It was also prohibitively expensive given the quantities we were looking to use. Typically it is only supplied in small amounts of about 100ml and we needed gallons of it.
In conclusion we could have had some successes with a smaller form-factor and in a more controlled environment. But nothing that would be useful in a show environment for a large audience.
We had fun in a mad science, Mythbusters sort of way. Learnt a lot but ultimately failed.


You can see how we (successfully) worked with cymatics in this behind the scenes film for the Glenfiddich 21 film:

Thursday, October 1, 2015

Will a robot take my job ?

From The Drum
I have an irrational fear of machines. Even though I spend every day constantly hooked up to them. I think it stems from being given the I,Robot stories by Issac Asimov when I was 10. I was hooked. I loved it. The sci-fi fascination continued through my childhood with Star Trek, Blake’s Seven, Doctor Who, Quantum Leap (remember that?) and even Buck Rogers. My youth saw the golden age of sci-fi movies - 2001 Space Odyssey, The Matrix, Terminator, Star Wars and Alien – they were more than films they were clearly defined moments of my life.
And this is where my problem lies, a large number of the themes of these movies display a dystopian future that often includes some sort of ‘rise of the machine’ and therein lies my fear for a future where machines take over. When even Tony Stark himself (aka Elon Musk) describes artificial intelligence (AI) as “summoning the demon” and that these “existential risks’ are the biggest threat facing the world I think the World should sit up and listen.
Clearly it is good to see that the more creative and empathetic careers are not under threat but surely it is only a matter of time. After all as Will Smith asks Sonny in the brilliant I Robot “Can a robot write a symphony? Can a robot turn a... canvas into a beautiful masterpiece?”  Sonny’s reply “can you?” says it all.
Be afraid, be very afraid………
See the original here:

Wednesday, September 16, 2015

Would a brand date or employ itself ? #smwldn

Our talk Social Media Week London Talk is only 24 hours away!
In a connected world a person is increasingly defined by their personal brand profile, indeed this is often the first impression that people create even before a face to face meeting. This includes the content they create, comment on and share, the tone they use and the channels they choose. Some people spend a great deal of time crafting and refining this image to achieve authenticity and credibility amongst their personal and professional network, some think less of it, often resulting in a confusing or indeed schizophrenic online persona.
Many companies fail to apply the same principles to their own brand in social often resulting in conflicting communications that restrict their ability to sell their products and services to the increasingly savvy, connected consumer.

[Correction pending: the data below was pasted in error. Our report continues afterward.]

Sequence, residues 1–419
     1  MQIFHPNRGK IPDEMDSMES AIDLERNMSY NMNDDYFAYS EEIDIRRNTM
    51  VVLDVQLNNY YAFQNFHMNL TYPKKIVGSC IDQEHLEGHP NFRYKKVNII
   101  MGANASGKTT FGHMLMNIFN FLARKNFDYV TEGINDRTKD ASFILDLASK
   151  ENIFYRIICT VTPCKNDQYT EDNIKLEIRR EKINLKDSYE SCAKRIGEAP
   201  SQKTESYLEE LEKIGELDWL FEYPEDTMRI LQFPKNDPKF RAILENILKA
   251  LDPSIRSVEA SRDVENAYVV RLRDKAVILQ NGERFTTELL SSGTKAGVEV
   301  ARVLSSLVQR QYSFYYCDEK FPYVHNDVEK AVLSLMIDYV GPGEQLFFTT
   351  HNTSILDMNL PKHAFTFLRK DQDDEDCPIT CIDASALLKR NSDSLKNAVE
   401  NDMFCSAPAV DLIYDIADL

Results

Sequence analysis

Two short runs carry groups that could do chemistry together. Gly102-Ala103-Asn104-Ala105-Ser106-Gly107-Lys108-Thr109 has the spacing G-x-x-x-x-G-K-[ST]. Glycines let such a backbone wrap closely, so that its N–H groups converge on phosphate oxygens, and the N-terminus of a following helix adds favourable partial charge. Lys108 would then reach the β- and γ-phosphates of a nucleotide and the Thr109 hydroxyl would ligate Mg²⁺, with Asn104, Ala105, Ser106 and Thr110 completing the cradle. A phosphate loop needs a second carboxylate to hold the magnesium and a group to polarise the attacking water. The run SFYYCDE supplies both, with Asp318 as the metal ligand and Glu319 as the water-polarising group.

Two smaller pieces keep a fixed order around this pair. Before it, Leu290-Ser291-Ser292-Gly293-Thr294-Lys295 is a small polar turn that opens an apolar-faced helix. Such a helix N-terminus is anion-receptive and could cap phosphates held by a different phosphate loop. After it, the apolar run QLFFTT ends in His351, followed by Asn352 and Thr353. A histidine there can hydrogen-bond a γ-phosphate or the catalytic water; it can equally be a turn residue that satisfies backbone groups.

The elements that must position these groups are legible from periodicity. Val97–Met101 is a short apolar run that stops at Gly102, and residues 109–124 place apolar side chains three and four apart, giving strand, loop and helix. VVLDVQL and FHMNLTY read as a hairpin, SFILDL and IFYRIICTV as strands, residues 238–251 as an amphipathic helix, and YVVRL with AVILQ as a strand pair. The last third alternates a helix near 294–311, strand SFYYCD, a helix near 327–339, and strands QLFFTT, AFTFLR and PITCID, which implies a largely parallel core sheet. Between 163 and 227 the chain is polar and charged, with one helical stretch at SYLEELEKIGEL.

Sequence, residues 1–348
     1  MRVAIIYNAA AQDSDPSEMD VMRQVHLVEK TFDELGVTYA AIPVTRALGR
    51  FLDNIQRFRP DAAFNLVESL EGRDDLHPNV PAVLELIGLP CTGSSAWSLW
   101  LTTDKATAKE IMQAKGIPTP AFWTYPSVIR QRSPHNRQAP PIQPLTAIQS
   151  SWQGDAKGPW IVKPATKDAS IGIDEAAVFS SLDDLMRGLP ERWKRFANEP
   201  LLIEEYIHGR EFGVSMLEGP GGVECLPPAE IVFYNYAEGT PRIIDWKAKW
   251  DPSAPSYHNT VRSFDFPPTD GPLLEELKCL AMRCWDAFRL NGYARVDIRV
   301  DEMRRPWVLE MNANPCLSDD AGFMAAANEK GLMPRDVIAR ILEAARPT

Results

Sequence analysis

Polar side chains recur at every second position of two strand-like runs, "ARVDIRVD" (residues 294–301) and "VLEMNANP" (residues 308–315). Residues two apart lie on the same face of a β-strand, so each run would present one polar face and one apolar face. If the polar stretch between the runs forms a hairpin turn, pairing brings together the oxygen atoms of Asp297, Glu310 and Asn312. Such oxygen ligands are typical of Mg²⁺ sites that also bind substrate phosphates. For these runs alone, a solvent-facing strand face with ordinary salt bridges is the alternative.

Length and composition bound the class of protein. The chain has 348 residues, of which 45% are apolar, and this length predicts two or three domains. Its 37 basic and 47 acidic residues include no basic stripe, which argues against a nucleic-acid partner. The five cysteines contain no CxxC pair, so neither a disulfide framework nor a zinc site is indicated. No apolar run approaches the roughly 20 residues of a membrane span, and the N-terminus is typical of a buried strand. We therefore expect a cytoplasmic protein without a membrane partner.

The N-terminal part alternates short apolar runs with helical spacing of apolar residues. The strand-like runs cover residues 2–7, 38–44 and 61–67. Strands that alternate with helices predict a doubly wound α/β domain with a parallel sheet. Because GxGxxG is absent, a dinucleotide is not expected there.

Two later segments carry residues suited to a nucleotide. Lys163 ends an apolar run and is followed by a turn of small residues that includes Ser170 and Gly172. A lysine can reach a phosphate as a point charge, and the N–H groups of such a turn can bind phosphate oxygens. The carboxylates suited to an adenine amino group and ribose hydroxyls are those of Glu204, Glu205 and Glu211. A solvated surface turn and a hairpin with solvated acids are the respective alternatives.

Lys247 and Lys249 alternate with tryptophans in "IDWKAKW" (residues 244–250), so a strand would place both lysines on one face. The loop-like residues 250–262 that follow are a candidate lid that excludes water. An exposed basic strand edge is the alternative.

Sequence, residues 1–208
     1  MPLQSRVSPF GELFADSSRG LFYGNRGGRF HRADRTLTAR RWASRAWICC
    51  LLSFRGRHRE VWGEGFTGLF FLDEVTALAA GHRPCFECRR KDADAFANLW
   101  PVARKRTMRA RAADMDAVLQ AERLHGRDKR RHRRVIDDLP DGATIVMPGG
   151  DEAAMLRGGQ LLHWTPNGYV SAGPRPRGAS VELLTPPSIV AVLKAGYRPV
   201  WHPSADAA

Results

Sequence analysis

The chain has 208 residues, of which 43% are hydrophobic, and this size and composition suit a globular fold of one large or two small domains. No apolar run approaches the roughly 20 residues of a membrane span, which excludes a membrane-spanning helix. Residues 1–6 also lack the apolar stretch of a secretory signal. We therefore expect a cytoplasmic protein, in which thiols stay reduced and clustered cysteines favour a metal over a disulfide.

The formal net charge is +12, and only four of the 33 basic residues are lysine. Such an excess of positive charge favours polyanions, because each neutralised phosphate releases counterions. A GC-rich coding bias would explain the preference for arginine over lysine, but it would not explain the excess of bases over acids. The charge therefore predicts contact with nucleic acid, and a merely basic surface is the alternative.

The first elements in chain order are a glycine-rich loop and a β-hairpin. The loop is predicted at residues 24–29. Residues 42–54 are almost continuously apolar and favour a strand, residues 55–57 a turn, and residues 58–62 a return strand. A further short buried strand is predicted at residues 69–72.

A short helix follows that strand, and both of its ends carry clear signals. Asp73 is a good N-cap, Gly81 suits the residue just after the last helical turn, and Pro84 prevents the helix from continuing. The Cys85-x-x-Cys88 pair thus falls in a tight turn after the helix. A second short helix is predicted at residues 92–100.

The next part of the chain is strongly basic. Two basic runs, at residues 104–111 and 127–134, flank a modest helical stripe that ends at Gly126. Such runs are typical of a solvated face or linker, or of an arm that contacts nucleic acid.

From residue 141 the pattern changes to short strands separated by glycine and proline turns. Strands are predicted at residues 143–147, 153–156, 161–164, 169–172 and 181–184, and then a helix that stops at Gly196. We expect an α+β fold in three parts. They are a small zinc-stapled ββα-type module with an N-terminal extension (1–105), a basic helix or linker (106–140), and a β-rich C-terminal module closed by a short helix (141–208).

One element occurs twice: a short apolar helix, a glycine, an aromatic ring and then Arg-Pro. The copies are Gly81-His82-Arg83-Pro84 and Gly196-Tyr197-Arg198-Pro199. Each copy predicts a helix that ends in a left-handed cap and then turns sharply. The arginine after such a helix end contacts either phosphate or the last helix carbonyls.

Over a decade ago the conversation was around what people could learn from brands but at Gravity Thinking we think the time has come for brands to be judged against people, after all brands content is seen next to posts from friends, family and celebrities.
So what is the real personality top brands are portraying in social media and does it match the values the brand wants to portray ? What if these social media profiles were for people ? Would consumers want a relationship with them…to employ them…be friends with them…go on a date with them…?
Gravity Thinking will share the early findings of a year long project using psychologists’ personal profiling techniques to help show brands how they should be using the same principles as personal branding in their verbal and visual social communications.

Thursday, September 10, 2015

Shock tactics work but only with an emotional connection

Originally published in The Drum

Andrew Roberts

This June on my birthday I completed my 100th Parkrun; that’s 100 Saturdays that I have run a timed 5km route as fast as I can, often with over 1000 others. 

My average time is about 21mins, some do it in an unfeasible 15 minutes, some with prams or dogs, some take well over 45 minutes.

Last week I did it with my 12 year old daughter, after we finished and on our way home she noticed 2 ladies who were still only half way round, her reaction, “good for them” was priceless. 

I asked her more about this and she spoke passionately of a video extolling the virtues of exercise a friend had shared on Instagram. She even talked about the benefits of running for your heart and said it was never too late to start up exercise.

Just over 50 years ago Marshall McLuhan the so called 'Media prophet of the 1960’s' wrote about the much misquoted concept of "The medium is the message”. In his essay he summed up the communication theory that the medium through which we choose to communicate holds as much, if not more, value than the message itself.

Fast forward to 2015 and as we all know that social now leads conversations -  it creates sharing and drives peer to peer communication and that necessitates the use of messages that are impactful and memorable. In the case of some charities that clearly now means using the shock factor.

The key however is not actually shock but rather emotional connection – the BHF ad connects with me (and indeed my daughter) because it pulls at the heartstrings and makes us think about the future.

Social is the place where we connect with our closest friends and family and, much like brands, if you can create emotional connection between your brand or cause and your audience the ‘message’ and the ‘medium’ are equally important. 

Of course shock tactics can work but so do many others, as long as charities focus on emotion then they can’t go too far wrong.